As I've said, it is normal for people, at about age seven, to begin to have a sense of time as something which unfolds both forwards and backwards from the present. Learning to "tell time" is what heralds the onset of this age.

Have you ever watched someone acquire this sense of time?

Most people have, although with no training in consciousness, few recognize how profound this change really is.

As for me, I remember teaching a little boy once that time unfolds. His father, going through a painful divorce at the time, had no one to watch his son and so, had brought his son with him to therapy.

His son, about six and a half at the time, did his best to endure what at first must have seemed to be an interminably boring event.

Seeing this boy's discomfort and realizing it had been distracting his father, I decided to try to help.

At first, I simply looked for something I could give the boy to entertain himself. Eventually, though, I ran out of things and settled on my brass desk clock.

What I did was, I showed the boy the clock, a pretty interesting piece of mechanics to be sure. I then showed him how there were two main hands, a long one and a short one. Finally, I placed the clock on the desk right next to him and said, "when the long hand reaches here, you and your dad will get to go home."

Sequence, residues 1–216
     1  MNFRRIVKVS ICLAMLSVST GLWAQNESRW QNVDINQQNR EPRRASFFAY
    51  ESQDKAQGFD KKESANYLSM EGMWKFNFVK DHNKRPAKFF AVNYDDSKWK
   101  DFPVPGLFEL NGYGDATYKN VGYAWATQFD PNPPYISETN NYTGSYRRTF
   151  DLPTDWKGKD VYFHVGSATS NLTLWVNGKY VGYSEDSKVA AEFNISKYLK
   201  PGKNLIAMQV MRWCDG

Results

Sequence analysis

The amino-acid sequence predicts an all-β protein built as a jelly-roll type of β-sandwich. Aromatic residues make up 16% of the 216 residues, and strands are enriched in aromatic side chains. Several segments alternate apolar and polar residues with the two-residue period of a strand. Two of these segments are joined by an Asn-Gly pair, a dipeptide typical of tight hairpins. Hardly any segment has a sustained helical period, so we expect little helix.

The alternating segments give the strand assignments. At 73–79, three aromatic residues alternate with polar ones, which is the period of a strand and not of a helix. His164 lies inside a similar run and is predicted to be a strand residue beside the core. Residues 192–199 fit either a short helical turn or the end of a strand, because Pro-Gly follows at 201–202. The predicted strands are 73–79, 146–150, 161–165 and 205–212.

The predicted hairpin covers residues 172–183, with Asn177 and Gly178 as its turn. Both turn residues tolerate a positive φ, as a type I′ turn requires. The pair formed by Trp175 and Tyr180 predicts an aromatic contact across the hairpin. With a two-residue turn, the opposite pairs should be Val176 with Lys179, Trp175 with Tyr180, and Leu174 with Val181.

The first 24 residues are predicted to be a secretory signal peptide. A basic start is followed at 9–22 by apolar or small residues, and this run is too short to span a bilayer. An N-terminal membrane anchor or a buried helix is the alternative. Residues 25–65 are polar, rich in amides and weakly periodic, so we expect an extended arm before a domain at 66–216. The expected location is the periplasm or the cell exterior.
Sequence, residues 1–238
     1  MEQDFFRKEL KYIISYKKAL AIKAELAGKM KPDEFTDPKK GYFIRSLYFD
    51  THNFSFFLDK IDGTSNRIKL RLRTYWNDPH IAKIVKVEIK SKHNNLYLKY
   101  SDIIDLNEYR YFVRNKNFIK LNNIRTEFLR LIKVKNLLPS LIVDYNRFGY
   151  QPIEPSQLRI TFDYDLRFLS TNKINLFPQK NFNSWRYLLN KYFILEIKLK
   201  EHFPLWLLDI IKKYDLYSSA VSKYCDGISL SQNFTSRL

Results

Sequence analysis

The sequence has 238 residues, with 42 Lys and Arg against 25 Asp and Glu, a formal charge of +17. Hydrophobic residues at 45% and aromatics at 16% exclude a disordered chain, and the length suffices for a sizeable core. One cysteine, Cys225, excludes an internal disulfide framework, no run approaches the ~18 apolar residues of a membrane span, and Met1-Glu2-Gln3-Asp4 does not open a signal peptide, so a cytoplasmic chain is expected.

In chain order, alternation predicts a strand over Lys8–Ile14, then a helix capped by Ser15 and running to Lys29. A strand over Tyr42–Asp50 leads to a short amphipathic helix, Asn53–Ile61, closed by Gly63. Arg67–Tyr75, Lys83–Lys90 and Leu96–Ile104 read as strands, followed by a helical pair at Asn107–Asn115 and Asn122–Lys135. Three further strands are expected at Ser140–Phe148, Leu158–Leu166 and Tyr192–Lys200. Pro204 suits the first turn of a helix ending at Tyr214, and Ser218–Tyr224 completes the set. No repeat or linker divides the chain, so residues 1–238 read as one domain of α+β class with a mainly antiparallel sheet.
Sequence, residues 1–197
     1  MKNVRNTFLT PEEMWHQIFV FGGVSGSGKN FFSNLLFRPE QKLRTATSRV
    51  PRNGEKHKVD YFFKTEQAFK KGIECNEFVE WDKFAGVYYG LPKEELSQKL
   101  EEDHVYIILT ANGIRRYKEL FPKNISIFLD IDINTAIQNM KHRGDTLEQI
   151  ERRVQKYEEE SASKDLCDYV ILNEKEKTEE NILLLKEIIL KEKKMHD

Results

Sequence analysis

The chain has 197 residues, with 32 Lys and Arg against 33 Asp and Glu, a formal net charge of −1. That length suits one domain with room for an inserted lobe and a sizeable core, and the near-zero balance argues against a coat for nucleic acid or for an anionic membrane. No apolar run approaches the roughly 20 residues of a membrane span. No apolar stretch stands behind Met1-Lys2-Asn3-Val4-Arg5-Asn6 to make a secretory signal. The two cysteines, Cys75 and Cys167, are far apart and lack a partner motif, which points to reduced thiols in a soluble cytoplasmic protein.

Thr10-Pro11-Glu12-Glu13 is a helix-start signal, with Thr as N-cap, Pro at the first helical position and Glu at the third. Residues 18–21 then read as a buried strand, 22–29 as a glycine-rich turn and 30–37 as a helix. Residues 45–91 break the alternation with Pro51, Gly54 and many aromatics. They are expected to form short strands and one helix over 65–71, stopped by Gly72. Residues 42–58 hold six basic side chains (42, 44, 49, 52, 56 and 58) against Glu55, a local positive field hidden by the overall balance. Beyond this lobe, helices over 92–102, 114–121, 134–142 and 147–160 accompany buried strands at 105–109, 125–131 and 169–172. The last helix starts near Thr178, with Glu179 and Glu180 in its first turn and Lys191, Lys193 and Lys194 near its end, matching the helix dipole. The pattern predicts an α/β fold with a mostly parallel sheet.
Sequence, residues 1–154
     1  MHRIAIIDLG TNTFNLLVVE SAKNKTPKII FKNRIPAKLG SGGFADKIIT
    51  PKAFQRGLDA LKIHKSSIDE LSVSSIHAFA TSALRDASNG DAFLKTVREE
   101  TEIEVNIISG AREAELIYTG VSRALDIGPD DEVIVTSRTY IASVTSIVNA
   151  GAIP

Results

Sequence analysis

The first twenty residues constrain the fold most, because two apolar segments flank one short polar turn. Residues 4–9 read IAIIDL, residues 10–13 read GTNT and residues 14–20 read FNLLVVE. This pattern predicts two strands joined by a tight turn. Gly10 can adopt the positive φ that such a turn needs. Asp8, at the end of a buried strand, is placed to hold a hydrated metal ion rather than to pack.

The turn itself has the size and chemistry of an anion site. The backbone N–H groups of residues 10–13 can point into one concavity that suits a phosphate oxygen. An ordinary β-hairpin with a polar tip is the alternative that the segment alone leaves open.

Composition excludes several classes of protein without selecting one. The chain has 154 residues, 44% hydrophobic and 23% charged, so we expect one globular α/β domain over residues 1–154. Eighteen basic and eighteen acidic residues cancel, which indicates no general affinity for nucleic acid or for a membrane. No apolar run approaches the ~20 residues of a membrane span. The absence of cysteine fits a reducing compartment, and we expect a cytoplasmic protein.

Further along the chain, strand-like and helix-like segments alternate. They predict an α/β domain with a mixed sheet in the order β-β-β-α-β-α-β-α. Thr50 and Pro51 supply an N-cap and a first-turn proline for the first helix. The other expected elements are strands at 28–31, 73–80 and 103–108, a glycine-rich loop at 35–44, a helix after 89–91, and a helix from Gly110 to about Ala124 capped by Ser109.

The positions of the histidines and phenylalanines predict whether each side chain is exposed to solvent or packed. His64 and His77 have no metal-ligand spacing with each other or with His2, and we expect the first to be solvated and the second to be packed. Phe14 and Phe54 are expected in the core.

Fascinated, I watched as the boy, previously unable to sit still, sat perfectly still. He had become totally immersed in learning how long it would take the longer hand to move. And while I'm sure he was at first largely motivated by the idea of leaving, he quickly forgot this as he continued to studied the clock.

Most telling was, as the session ended and as I moved the clock back onto my desk, he seemed mildly upset. Had I interrupted his study of time? Absolutely.

Now consider the concept present in this story, the idea of "time as a continuum."

Before beginning to see time as unfolding, the boy was restless and bored and unable to sit still. After beginning to see time unfold, he was peaceful and interested and totally immersed in his study of time.

"Restless and bored and unable to sit still." "Peaceful and interested and totally immersed in his study." Can you see any parallels to these to conditions in your own life?

Grasping the question I've just asked is the key to understanding the Third Age of Consciousness.

Understanding the Third Age of Consciousness

Have you ever paid a bill late? Then you've lost your Third Age of Consciousness sense of time. Pay your bills late a lot? Then you have a wounded (BLocked) sense of how money and bills unfold together over time.

Have you ever been late to an appointment? Here again, if you have, then you've lost your Third Age of Consciousness sense of time. Are you late a lot? Then in all likelihood, you have a wounded sense of how time unfolds.

Some would now disagree, saying they are late with bills but do have sense of how time works. To be honest, they are right. Partially right anyway. Even so, in order for people to manage anything in life, they need more than this "logical" sense of how time works. They also need a "personal" sense of how time works.